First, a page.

Handling a Withdrawn Job Offer

  • On January 19, 2023

positions available near me

Every job seeker wants to hear these words: “We’re pleased to offer you a position with us.” Once you’ve received a job offer, it’s devasting to hear that the company has to withdraw its job offer. It’s important to be aware that, while uncommon, this can and does happen. While you may not ever know for sure why you’ve lost the opportunity, there are a number of plausible reasons why this may have happened.

  1. Budget Changes 

It’s possible that after telling you that you’re hired, the company or department had their hiring budget slashed. Some companies also reassess overall budgets and designate less than originally agreed upon to cover new goals and priorities for the quarter or year.

  1. Hiring Freeze

Even if there was a green light for the employer to hire you when you interviewed, the company’s circumstances may have changed after the offer was made, resulting in hiring being put on hold before you were formally brought on board. 

  1. Reference Check 

Reference checks are a crucial part of the hiring process. HR may have heard something they felt was concerning about you during that process, or seen something on the standard background check that scared them off. When providing references for your positions, make sure to follow our guide to ensure you are selecting the best points of contact.

  1. Second Thoughts

While your interview may have gone well, it’s possible that something that you did after the interview caused the hiring team to change their minds. A social media post that they felt was unprofessional or a text to the HR director at night to ask about the status of the position are two of many reasons why second thoughts might occur. 

  1. Poor Negotiation

After offering you the job, if your salary and benefits negotiation with the company turned them off, they may have decided not to move forward with your offer. Negotiations can be very tricky, which is why you should learn more from our article discussing the best methods for negotiating your salary and more.

  1. Another Candidate

While it’s not considerate and is ethically questionable, the employer may have found a candidate that they felt was a better fit after they’d already offered you the job. However, the practice of withdrawing a job offer isn’t common, but rarely occurs do to businesses adapting to a “bad-vibes” ideology. 

What to Do if a Job Offer Is Rescinded
It’s important to respond to the news of an offer being rescinded in a way that’s both positive and productive. While you likely feel upset and angry at this, it’s best to channel your energy into figuring out your next steps rather than doing or saying something you might regret.

If you had a job offer in hand and were already employed, it’s likely that you already gave notice to your current employer. See if it’s not too late to keep your job. Your boss may have already put out feelers to fill your position and may not be open to your request, but it’s worth a try. If the new job fell through partly because of fit and you legitimately weren’t sure you wanted it either, let your manager know that you realized that your current job is the right fit for you. Be careful if you do this, though, because if you plan to keep job hunting and expect to leave your job soon after, this strategy may backfire.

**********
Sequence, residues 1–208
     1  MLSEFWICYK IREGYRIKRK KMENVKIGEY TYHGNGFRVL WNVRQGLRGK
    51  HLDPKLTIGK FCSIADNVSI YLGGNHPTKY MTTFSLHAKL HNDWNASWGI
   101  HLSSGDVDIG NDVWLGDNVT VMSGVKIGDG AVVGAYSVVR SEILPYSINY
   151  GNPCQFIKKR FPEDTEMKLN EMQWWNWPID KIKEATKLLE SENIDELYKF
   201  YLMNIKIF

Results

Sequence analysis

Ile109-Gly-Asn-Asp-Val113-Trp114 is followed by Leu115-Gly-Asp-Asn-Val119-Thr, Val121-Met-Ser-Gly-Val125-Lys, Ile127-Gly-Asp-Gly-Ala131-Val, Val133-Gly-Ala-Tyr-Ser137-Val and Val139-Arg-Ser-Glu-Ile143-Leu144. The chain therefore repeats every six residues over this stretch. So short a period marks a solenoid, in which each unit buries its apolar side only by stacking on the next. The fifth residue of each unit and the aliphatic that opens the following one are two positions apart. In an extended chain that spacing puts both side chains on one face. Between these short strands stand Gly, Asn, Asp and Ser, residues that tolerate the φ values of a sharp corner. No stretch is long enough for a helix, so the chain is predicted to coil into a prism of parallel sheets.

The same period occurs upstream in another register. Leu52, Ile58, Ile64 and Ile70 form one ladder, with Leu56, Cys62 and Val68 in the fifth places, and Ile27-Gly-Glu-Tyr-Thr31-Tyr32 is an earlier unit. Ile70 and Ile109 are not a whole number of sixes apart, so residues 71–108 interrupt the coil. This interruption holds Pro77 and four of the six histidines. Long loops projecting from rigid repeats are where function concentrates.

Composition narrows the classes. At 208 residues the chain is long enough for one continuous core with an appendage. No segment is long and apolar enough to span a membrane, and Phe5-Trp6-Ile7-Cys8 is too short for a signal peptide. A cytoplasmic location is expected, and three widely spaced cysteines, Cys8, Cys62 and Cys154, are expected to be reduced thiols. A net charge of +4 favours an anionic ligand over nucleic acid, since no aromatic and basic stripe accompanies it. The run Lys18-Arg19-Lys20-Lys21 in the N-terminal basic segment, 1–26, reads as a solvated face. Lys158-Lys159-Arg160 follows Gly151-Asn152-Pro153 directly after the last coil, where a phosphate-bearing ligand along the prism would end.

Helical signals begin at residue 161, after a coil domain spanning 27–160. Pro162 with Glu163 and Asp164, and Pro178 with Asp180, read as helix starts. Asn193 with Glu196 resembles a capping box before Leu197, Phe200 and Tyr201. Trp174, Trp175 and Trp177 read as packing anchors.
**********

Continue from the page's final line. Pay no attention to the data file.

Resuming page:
If your current position can’t be salvaged or it doesn’t make sense to do so, consider other options. Do you have hats in the ring with other companies? Were you interviewing at more than one organization? Did you have additional leads from your recruiter? If you had any viable opportunities when you received the job offer, see what can be resurrected. Let other employers you’ve spoken with know that you’re still interested, tell your recruiter about your change in plans, and keep your resume circulating with previous possibilities you’d been exploring or considering.

Moments of a career crisis like this call for help from your professional network. If you’ve already announced to your network on social media that you’ve taken a new position, send an update that you’re considering other options and ask for leads. If you have a mentor at your current company or in your industry, ask for guidance, advice and assistance. 

However, Staff Solve provides employers and job seekers with the assurance that we match the right people to the right positions. When utilizing Staff Solve’s services for your business, we implement your hard requirements as well as other preferred skills to find the best fit for you. And for job seekers, Staff Solve partners with companies that value their employees and offer the best opportunities to ensure your professional career is benefited from the position. 

Staff Solve continues to provide high-quality candidates and jobs in diverse markets for over 27 years. Let us take the stress off you so you can focus on your business by finding the perfect applicant for the position. If you are looking for employment, please visit our job seeker page and check out our job board for current positions. If you would like more information about the services we offer employers, visit our employer page or contact us today.

0 comments on Handling a Withdrawn Job Offer